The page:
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A promise is a promise

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A popular insurance company adds that it is playing on a father’s promise to his daughter to call him during a business trip. When he calls despite all imaginable challenges, he answers the joyful voice of his child on the other end: a promise is a promise.

Keeping your promises is as important in human relations as it is in politics and international relations.

In June 2003, exactly twenty years ago, at his Summit in Thessaloniki In Greece, European Union leaders made a promise to Western Balkan countries: “The future of the Balkans is within the European Union. » It was a hopeful period in European history. The biggest expansion of the European Union was underway, with ten countries joining a year later, as well as Romania and Bulgaria in 2007. The last country to do so was Croatia ten years ago years.

Since then, the promised European dream has been a common strategic goal for the nations of the Western Balkans. However, the political mood on the continent quickly changed and EU enlargement ran out of steam.

First, efforts to consolidate the European project through the adoption of a European Constitution were abandoned after its rejection by French and Dutch voters. Then came the European debt crisis, followed by the migration crisis, Brexit and the Covid-19 pandemic. Democratic backsliding in Hungary and Poland has deepened enlargement fatigue and raised doubts in some old member states about the benefits of further expansion.

To be fair, the Western Balkan countries haven’t really helped their cause either. The weariness of expanding the promised land was met with a weariness of reforms on the part of the candidates. While the transposition of European norms and standards into national legislation is progressing at a constant pace, party clientelist politics and endemic corruption have weakened the democratic institutions of countries in the region classified in the gray zone between democracy and autocracy by Liberty House.

Occasional democratic initiatives in one or another Western Balkan country, rather than being adopted, have been discouraged by vetoes by some member states or met with the disposal of a bureaucrat tasked with making excuses to explain why no progress is possible.

With simply too little to show for two decades after the promise of Thessaloniki, it is no wonder that the European dream looks more and more like a road to nowhere. This in turn is echoed by the Russian discourse: “the West cannot be trusted and will never be up to the task”.

It is difficult to find a better test for the EU’s credibility and commitment in the Balkans than the case of North Macedonia, a country emblematic for its unfair treatment in this process. After avoiding the wars in the former Yugoslavia, she began her worrying journey to Croatia. A baby born when the country obtained candidate status will come of age this year. In 2009, after a record waiting time, the European Commission recommended the start of accession negotiations. Until now, Member States have always followed these recommendations and negotiations have been opened. Not in this case. Not at that time, nor after eleven such recommendations.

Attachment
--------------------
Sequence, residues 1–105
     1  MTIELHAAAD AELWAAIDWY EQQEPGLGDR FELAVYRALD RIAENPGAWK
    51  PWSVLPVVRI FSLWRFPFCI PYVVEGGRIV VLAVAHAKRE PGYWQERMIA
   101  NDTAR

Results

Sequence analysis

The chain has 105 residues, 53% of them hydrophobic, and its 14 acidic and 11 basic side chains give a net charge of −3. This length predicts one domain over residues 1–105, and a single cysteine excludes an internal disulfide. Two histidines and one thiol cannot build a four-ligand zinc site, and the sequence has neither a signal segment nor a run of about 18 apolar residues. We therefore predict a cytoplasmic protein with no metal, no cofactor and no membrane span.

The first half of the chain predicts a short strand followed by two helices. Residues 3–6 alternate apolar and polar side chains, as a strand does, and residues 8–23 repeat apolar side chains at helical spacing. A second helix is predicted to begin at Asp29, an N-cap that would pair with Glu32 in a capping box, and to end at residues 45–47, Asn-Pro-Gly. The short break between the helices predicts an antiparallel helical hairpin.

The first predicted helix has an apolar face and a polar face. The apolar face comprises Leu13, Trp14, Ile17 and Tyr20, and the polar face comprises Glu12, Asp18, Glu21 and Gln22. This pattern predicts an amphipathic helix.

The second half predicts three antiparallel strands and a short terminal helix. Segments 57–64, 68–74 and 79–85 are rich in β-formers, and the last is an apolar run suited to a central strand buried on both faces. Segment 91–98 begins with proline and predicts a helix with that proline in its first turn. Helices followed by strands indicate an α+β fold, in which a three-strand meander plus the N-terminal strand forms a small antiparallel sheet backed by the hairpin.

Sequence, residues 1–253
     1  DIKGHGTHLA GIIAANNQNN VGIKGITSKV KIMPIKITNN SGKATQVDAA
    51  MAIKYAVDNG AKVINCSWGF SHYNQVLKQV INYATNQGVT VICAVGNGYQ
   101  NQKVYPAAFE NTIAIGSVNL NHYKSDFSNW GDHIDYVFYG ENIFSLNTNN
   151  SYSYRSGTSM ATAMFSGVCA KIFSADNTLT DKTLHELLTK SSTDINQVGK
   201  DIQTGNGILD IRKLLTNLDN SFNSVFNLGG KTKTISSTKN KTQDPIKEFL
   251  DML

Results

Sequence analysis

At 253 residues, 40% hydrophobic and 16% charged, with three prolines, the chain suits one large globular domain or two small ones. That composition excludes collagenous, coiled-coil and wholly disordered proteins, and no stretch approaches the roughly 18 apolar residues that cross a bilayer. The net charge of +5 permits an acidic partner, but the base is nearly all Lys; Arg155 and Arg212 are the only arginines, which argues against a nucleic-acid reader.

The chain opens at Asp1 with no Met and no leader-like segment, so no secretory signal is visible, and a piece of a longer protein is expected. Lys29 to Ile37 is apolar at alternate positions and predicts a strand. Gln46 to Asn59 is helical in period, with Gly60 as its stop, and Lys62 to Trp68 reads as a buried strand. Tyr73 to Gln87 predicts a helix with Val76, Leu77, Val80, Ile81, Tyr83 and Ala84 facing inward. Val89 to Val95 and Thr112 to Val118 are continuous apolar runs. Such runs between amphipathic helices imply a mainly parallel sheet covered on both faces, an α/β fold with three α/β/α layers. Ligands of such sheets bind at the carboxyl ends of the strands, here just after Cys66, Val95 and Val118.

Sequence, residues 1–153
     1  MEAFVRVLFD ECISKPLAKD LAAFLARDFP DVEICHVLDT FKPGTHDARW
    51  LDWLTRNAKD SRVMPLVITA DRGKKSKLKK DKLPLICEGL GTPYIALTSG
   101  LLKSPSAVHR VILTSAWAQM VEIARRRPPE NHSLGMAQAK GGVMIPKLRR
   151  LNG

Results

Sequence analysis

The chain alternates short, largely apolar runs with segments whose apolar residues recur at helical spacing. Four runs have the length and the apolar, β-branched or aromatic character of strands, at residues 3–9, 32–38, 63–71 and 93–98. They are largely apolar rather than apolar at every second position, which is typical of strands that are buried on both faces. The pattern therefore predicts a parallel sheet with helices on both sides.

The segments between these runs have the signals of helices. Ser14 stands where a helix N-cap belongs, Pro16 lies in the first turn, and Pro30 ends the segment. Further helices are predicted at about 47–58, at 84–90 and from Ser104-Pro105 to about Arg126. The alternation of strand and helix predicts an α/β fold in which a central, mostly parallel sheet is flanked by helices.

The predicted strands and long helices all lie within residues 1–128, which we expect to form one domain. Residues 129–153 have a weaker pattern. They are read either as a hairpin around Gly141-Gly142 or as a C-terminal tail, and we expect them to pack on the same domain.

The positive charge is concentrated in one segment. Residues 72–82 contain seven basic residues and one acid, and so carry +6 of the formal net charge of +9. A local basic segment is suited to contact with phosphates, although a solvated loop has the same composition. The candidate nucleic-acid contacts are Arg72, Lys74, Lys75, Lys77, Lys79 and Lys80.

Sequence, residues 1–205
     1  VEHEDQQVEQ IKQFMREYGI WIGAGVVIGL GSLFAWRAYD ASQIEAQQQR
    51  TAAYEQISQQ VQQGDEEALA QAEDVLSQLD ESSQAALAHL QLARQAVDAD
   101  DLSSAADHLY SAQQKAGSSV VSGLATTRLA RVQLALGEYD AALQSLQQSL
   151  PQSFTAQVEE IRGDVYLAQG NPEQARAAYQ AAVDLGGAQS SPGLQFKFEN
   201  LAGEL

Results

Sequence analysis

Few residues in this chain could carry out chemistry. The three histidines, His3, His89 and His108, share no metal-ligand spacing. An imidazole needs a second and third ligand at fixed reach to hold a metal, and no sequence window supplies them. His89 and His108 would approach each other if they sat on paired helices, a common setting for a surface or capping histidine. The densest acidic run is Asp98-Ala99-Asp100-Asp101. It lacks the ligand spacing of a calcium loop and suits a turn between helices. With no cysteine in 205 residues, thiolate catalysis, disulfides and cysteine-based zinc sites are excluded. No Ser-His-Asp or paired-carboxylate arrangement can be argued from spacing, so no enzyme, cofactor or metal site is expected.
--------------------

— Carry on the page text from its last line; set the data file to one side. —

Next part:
The reason for the loss of generations is not the lack of reforms. It was the name dispute with Greece. In 2018, I signed the Prespa Agreement solve this seemingly intractable problem. The breakthrough was rented as a remarkable success of the democratic world, and European leaders rushed to Skopje to promise Macedonian citizens the start of the long-awaited accession negotiations.

However, the historic opportunity was missed. The EU has failed to deliver on its promise, causing waves of disappointment and disillusionment across the region. Momentum was lost because France first demanded a change in the methodology of the accession process. With this work accomplished, Bulgaria moved from champion to greatest obstacle, holding enlargement hostage to revisionist claims about Macedonian history, identity and language.

Faced with large-scale Russian aggression against Ukraine and Ukraine’s application for EU membership, the club made another promise, giving the candidacy of Ukrainians and Moldova. Europe is indeed the object of this war, and not only because it is taking place on European soil. It was Europe’s soft power that inspired Ukraine and, in turn, worried Putin to the point of occupying Crimea and Donbass before launching the all-out invasion.

It is often wrongly said that Putin’s brutal attack changed everything. This is not true. What changed everything was the determination and heroic fight of Ukrainians for their freedom and democracy, for their right to choose their own destiny. They want to be equal members of the European family and have taken the words of European leaders very seriously.

At this pivotal time for the continent, in a fiercely contested world, the EU must once again think big, act strategically and start delivering on its promises, also for its own sake. Relaunching the integration of the countries of the Western Balkans, a region encircled by member states, will close pockets of instability that can be fueled by the Kremlin and demonstrate to Ukraine and Moldova that they were right to put all the eggs in the EU basket. .

It will also help me, and all parents of my generation in the region, to fulfill the promise of the European dream to our children.

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